Couple Finds Hundreds of Bats in Attic

By: Kim Bedford
By: Kim Bedford

Knoxville (WVLT) - Imagine living with hundreds of bats right above you in your attic.

That's just what one Knoxville couple has been doing for several months now.

Volunteer TV’s Kim Bedford made the trip up to the attic to take a look.

If you think it's hot outside, imagine being in a 140-degree attic, that extreme heat is what bats are attracted to this time of year.

And they've set up shop in one couple's attic.

"You can hear it almost any time of the day if it's really quiet, but it's just a very high-pitched kind of squeaking,” Colleen Paine says she and her husband have noticed more and more bats flying into their attic over the past several months. "We do see them drop out of the eaves and fly around starting at dusk."

So the Paines decided to call zoologist Paul Osborne in for help.

"We have somewhere around 200 big brown bats up in their attic. The bats do have pups. I came in and did an inspection about two weeks ago,” says Osborne.

But when we went up to check them out Monday, only a few bats remained.

"They were just climbing all over this and you can tell by the amount of guano. There's quite a bit," says Osborne. "It used to be an intact screen."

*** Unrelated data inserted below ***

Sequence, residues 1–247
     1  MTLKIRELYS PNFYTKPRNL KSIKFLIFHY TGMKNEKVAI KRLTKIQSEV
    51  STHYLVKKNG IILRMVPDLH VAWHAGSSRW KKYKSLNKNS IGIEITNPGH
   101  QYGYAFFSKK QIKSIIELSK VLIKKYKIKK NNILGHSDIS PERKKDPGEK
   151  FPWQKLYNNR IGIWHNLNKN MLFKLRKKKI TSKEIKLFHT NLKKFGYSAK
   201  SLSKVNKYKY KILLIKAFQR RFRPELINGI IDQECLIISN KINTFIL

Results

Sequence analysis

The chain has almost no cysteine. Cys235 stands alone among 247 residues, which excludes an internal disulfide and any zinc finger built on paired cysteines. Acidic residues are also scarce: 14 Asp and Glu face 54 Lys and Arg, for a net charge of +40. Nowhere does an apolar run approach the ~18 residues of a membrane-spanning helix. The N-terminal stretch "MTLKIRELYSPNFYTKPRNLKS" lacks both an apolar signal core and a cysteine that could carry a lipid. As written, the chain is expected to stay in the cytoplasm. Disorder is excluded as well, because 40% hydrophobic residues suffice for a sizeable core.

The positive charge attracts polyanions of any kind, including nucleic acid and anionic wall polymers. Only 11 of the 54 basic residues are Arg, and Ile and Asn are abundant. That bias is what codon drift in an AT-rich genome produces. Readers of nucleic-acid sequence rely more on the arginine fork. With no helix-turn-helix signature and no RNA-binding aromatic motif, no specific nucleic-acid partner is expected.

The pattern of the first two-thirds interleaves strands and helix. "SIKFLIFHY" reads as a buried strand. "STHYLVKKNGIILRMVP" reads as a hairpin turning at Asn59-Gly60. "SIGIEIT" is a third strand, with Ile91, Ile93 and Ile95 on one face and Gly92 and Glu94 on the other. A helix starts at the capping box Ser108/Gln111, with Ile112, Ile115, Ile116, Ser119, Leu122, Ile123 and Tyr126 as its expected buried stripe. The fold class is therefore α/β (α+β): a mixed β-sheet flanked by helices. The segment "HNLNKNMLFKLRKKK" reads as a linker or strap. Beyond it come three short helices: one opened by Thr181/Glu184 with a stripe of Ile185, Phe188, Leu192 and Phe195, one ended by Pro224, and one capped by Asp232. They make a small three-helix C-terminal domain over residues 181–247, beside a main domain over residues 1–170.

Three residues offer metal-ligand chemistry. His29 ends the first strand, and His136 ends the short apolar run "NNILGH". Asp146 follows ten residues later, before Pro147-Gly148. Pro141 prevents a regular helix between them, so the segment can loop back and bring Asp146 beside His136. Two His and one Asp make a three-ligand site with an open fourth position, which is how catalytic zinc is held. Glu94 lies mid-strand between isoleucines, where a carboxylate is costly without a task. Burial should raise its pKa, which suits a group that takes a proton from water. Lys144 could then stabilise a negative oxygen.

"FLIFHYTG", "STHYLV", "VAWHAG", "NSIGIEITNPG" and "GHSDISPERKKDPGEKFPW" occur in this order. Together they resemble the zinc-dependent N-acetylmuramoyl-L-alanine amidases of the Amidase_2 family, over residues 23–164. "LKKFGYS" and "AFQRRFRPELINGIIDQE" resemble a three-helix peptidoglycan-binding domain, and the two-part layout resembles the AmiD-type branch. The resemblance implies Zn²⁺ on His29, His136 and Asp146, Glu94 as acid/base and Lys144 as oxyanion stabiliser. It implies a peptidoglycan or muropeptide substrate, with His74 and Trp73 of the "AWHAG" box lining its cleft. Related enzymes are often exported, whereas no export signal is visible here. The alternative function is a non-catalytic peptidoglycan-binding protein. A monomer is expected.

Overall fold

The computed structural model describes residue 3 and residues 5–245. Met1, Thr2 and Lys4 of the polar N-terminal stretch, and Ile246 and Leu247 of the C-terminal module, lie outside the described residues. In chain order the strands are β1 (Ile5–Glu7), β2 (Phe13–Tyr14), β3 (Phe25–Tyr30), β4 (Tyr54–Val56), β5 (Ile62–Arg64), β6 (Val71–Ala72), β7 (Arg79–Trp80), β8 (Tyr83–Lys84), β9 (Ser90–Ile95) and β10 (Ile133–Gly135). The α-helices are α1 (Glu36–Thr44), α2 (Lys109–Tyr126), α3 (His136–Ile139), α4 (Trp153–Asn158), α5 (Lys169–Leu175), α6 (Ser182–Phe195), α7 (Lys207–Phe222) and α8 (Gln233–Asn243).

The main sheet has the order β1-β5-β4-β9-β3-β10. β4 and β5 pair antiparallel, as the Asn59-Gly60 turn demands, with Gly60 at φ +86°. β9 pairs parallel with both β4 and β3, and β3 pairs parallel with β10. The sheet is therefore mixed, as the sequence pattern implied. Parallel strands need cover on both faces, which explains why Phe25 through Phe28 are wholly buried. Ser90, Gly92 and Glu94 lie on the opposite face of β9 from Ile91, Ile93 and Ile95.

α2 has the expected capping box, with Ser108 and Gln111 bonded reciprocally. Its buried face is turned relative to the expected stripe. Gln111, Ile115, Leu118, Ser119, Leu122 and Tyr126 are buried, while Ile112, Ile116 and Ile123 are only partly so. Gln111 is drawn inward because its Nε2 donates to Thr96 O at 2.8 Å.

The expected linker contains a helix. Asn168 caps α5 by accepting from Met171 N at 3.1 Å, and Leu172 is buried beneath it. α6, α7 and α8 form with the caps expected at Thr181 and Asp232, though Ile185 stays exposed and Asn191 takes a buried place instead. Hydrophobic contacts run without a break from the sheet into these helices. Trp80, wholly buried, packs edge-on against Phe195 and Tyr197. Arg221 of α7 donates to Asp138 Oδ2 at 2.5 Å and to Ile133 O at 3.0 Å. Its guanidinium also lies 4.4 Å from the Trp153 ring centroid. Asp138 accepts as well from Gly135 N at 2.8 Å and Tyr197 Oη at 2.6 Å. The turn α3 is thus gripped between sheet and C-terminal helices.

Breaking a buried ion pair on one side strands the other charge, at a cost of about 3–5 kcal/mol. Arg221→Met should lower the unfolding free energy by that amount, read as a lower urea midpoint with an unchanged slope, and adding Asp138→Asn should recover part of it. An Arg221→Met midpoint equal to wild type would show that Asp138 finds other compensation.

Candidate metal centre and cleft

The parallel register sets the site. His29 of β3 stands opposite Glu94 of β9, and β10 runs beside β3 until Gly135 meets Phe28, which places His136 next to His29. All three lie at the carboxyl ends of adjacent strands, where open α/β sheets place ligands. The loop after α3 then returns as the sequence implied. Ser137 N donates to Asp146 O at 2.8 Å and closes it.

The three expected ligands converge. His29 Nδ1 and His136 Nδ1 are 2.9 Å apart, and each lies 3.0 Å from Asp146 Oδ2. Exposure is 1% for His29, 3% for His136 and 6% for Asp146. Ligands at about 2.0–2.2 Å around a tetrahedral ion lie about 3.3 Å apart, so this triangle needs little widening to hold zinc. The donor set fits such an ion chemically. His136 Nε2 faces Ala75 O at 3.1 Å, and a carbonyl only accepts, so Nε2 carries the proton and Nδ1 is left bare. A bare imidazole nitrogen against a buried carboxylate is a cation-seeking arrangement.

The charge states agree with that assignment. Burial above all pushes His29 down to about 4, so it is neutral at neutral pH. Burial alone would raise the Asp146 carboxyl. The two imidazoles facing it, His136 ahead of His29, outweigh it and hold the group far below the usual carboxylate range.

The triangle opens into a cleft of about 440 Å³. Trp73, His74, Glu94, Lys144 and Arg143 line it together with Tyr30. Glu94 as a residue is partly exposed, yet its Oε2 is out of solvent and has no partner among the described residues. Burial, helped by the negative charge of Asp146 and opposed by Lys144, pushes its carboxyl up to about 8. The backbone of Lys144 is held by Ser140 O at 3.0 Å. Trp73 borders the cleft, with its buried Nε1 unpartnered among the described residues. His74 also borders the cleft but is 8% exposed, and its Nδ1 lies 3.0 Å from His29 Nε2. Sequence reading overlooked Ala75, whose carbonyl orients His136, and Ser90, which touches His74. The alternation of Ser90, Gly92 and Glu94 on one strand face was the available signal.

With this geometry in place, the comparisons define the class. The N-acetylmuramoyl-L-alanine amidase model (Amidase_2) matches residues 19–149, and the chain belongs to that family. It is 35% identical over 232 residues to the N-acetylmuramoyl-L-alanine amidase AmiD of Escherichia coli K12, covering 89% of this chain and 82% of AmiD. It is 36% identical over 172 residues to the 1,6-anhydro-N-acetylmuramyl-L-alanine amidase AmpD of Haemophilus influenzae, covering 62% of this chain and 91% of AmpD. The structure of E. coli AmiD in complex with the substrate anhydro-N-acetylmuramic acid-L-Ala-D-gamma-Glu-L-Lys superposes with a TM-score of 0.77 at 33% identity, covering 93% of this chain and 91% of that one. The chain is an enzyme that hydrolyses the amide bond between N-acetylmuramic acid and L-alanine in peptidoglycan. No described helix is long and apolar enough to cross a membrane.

The colony may have been scared away by our activity or a number of other factors, but even with a few in here the health risk is still very great."

"The guano can be toxic if it's circulated throughout the house. That's not good,” says Paine.

"It can be inhaled and forms a fungus in your lungs,” Osborne adds.

Osborne says he can't remove the bats right now because they're all protected or endangered. "The state has put a moratorium on moving bats between the end of May and about the middle, till end of August."

Once it's time to get them out, Osborne says they have to be very careful. "We'll put a one-way door that bats can exit the residence, but not be able to come back in."

"I have a lot of comments that I should just go up there and kill them instead of going through the waiting period and then the cost of removing them in a safe manner, but they're so helpful. I can't tell you how bad the mosquitos are out here,” Colleen says.

The Paines say one bat actually got down into their home, but they were able to safely get it outside.

Colleen says they don't mind the bats a bit and they actually plan to set up a bat house in the yard once they're removed from the attic.

This is the time of year they're looking for hot shelter to have their babies in.


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